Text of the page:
The Dutch Corporate Governance Code Monitoring Committee (the Committee) published its document for public consultation (the Consultation Document) on the proposed amendment of the Dutch Corporate Governance Code (the Code) today. The Consultation Document contains proposals for topical areas of the existing Code that was first published in 2003 and was most recently revised in 2008[1]. Highlights of the consultation document are presented in this Legal Flash. 

Long-term value creation

Against the background of different financial and economic offences in recent years where companies seemed to have lost sight of their long-term business objectives, the Committee indicates that long-term value creation for companies requires more emphasis. To this end, a new principle is proposed requiring Management Boards to formulate and implement a strategy aimed at creating long-term value, and Supervisory Boards to monitor the way in which Management Boards apply this strategy.

Strengthening risk management

The Committee has intensified its focus on risk management as the means to create value in the long-term. Whilst determining an effective risk management and control system (i.e. based on a pre-determined risk appetite and related control measures) continues to be the responsibility of the Management Board and the internal audit function remains responsible for the review of risk management effectiveness, the Committee proposes to strengthen the internal audit function further. The proposals in this regard include (i) an intensified involvement of the audit committee in the functioning of the internal auditor; and (ii) having the internal auditor report to both the audit committee and the external auditor on any shortcomings in the implementation of recommendations from the internal and external auditors.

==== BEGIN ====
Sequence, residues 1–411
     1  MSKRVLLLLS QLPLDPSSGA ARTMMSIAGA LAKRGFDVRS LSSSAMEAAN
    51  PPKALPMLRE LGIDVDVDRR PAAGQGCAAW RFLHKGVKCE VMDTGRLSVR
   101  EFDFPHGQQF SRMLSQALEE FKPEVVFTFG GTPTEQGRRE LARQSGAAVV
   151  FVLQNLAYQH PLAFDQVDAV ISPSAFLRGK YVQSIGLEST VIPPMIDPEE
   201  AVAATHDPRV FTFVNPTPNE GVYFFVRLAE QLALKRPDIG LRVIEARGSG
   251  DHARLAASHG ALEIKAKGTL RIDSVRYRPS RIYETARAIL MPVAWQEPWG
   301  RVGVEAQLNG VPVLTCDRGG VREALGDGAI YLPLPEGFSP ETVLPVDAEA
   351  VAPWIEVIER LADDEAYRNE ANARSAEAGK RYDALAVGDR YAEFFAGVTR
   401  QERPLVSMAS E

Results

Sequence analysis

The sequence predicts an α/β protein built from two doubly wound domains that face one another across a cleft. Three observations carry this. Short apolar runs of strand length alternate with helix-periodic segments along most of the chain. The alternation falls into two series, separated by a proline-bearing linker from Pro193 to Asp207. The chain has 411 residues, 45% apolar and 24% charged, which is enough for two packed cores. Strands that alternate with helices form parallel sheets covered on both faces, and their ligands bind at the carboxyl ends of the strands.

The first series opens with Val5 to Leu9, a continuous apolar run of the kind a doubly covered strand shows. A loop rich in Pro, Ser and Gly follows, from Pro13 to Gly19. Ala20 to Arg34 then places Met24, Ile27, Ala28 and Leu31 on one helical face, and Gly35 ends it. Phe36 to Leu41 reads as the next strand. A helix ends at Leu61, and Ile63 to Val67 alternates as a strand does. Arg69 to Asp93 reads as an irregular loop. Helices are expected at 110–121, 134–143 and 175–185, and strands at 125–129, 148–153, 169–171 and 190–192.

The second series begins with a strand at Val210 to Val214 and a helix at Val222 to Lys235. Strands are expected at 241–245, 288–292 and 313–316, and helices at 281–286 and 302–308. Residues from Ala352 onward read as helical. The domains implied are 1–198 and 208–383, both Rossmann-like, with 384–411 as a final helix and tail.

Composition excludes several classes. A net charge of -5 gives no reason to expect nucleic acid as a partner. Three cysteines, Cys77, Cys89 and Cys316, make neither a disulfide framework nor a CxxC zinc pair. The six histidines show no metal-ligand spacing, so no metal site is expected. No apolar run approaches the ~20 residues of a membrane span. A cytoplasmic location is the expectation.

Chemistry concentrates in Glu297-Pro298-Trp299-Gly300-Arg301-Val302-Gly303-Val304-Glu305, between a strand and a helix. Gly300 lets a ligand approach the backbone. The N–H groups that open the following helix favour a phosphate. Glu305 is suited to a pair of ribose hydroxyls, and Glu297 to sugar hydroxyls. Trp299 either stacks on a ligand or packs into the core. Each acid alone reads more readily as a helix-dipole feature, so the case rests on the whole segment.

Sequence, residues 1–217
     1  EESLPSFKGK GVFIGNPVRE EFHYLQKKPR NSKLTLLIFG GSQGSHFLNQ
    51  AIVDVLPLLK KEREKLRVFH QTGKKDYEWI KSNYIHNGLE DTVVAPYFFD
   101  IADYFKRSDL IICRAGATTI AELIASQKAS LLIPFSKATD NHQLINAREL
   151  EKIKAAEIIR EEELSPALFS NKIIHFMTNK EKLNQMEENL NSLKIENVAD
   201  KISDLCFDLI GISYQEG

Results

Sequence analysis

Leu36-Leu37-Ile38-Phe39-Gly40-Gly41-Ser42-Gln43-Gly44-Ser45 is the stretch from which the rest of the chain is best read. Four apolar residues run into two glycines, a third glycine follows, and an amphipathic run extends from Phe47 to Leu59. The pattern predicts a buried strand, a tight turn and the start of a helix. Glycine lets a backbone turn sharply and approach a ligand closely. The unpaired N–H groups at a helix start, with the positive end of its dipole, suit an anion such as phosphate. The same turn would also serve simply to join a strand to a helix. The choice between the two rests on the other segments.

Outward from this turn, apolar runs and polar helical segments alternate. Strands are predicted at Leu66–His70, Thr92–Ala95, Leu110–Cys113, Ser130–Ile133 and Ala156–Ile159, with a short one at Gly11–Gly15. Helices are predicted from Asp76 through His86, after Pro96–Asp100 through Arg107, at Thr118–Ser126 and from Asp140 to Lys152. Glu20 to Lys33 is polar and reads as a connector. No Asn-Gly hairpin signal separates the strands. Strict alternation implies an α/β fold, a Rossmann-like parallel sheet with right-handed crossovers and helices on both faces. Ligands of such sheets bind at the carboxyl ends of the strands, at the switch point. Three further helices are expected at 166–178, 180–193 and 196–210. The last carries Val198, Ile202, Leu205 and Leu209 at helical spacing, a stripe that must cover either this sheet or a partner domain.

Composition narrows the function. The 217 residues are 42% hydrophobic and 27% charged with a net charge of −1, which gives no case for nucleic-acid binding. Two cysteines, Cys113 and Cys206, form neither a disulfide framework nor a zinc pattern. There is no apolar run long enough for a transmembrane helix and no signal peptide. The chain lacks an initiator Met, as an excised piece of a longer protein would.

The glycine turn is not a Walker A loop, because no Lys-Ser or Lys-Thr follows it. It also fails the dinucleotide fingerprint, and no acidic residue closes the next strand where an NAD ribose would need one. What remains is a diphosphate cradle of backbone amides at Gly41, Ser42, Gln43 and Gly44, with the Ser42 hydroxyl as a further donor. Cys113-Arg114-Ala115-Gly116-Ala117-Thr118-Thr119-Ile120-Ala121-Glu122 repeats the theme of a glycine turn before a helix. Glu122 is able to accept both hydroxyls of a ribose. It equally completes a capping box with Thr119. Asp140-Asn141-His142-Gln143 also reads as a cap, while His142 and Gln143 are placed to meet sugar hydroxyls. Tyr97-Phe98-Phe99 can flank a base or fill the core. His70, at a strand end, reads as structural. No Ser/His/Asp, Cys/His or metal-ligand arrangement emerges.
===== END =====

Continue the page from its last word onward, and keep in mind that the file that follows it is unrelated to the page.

In respect of the audit committee, the Committee refers to the tasks as described in Directive 2014/56/EU [2] and goes slightly further than the Directive by suggesting additional tasks (e.g. monitoring the company’s  Management Board  in respect of its relationship with the company’s internal and external auditors). The Committee also proposes to clarify the subjects on which the audit committee is required to report to the Supervisory Board. Among these subjects are the audit committee’s expectations on whether the continuity of the company is secured for the upcoming twelve months. The Committee suggests that a similar statement is made by the Management Board in its in control statement. 

Effective management and supervision

In respect of companies with an Executive Committee, the Committee points at the risks when it comes to preserving effective corporate governance. The best practice provision that is introduced in this regard requires that Management Boards of companies with an Executive Committee to take the concept of checks and balances into account and report on e.g. the reason for having an Executive Committee, its role and composition and the way in which it interacts with the Supervisory Board.